Roasted Beets

Roasting beets is pretty simple. I trim off the foliage, and leave an inch of root. Rinse and set the greens aside for later use. Give the roots a rinse, no need to scrub. Then wrap the beets in foil, depending on the size, wrap up to three together and place on a baking sheet. You will see recipes with roasting temperatures ranging from 475F downward to 325F. My suggestion is cook them when you are otherwise using the oven and still have extra space. Depending on temperature and size they will take one to two hours. A light squeeze using a hot pad indicates when they are cooked to a tender stage. Let cool in foil wrapper, trim tops, and slip off the skins. Leave any unused beets wrapped, and refrigerated for up to ten days. Since juices may leak, store them together in a plastic bag.
The flavor of home roasted beets is rich and intense. Salads can be sublimely simple with only a touch of olive oil, wine vinegar and salt. Add chunks on top of a tossed green salad for flavor and color, or garnish with a sprinkle of toasted walnuts and blue cheese. Beets are high in folic acid and betaine, a natural anti-inflammatory. Also despite their natural sweet taste they have only 74 calories per cup.

Survivor Parsley & Swallowtails In the Garden

Hope you have had a good winter holiday. Like most of the country, we’ve been having the usual hard cold weather. We’re harvesting beautiful beets, kale, cabbages, a few carrots and the amazingly sweet Survivor Parsley.  Winter hardy plants typically produce extra sugars during cold weather. This acts as a natural anti-freeze and explains why the rugged, flat leaved “Survivor Parsley” is so deliciously sweet and flavorful in winter and spring.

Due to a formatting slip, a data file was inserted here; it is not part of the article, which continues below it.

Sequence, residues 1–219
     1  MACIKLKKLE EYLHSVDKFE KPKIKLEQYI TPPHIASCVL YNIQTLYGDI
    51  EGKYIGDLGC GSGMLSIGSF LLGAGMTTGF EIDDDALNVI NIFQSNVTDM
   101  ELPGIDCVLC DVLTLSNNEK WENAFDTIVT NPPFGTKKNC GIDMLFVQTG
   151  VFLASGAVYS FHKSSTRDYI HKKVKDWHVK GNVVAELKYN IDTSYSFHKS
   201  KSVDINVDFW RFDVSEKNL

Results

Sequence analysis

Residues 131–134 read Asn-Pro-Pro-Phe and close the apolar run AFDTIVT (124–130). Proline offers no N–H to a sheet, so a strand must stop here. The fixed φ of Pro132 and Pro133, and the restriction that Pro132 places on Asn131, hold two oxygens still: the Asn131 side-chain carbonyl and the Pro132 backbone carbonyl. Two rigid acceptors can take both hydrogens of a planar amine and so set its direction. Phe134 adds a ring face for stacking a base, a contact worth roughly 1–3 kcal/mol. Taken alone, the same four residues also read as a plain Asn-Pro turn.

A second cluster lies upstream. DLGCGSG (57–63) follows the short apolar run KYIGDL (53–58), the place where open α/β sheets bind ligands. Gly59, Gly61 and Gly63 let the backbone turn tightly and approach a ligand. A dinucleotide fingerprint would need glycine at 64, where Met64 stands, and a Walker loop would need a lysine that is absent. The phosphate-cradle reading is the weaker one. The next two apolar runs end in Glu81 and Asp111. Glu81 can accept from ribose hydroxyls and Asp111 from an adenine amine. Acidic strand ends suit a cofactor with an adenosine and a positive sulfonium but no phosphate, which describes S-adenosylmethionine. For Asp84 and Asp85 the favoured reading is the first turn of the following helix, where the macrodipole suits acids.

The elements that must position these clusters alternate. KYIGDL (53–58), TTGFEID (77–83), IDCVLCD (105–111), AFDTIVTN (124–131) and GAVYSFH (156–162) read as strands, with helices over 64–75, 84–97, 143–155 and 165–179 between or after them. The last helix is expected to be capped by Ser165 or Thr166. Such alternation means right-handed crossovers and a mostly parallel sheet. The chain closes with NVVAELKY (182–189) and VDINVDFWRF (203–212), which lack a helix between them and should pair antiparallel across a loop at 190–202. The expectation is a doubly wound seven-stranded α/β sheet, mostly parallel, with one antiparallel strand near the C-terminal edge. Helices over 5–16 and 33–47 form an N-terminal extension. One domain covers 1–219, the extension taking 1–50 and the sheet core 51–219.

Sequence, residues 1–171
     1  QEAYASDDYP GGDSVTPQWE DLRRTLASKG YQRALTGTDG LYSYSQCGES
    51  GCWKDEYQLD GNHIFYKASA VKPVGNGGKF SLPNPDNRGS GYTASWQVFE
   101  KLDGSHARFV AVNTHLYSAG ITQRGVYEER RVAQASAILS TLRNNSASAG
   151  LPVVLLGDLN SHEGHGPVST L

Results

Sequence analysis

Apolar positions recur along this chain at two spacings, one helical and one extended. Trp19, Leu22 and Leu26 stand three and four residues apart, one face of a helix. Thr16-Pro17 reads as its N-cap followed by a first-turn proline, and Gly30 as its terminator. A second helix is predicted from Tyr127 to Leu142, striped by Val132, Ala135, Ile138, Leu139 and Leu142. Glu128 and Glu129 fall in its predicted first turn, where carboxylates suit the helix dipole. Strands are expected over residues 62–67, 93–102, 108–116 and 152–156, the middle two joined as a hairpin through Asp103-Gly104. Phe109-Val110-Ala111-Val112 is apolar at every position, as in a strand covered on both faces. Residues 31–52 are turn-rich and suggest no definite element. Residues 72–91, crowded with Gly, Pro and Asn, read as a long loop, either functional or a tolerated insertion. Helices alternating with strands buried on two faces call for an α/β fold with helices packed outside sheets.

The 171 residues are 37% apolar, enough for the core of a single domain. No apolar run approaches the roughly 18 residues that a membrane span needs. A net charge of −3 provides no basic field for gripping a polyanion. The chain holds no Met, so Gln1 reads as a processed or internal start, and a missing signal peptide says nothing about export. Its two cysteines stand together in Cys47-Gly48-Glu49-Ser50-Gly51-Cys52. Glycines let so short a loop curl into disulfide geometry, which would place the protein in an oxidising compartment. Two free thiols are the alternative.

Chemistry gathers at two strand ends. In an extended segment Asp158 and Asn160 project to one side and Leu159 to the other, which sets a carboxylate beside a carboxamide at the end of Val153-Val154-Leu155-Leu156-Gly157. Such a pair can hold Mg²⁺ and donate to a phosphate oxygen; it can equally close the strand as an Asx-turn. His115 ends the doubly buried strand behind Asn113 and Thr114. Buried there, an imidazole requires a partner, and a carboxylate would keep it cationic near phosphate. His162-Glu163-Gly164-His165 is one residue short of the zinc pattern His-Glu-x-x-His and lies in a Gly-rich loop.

Parsley is a biennial so seeds planted in spring and grows in size through summer and fall. The following summer plants flower, set seed and die. I like to leave a few flowering plants around because they attract butterflies to the garden. Here in Western Oregon, mature butterflies and  larvae of the lovely Anise  Swallowtail “Papilio zelicaon” feed upon the pollen, flowers, and foliage. This adaptable native is found from British Columbia to Baja California. We also regularly see larvae feeding on blooming Angelica plants. Even if your garden is small with only a few containers, grow parsley, a most useful herb. When it flowers you too may enjoy swallowtail butterflies flitting through your garden

Survivor Parsley and Angelica seed are available in our Nichols Garden Nursery catalog. In celebration of 2009 being our 50th year in business, we are offering notable Nichols varieties at introductory prices. Survivor Parsley is included in this listing. I’d also remind readers, if you haven’t received a 2009 catalog please go to our website and request a catalog.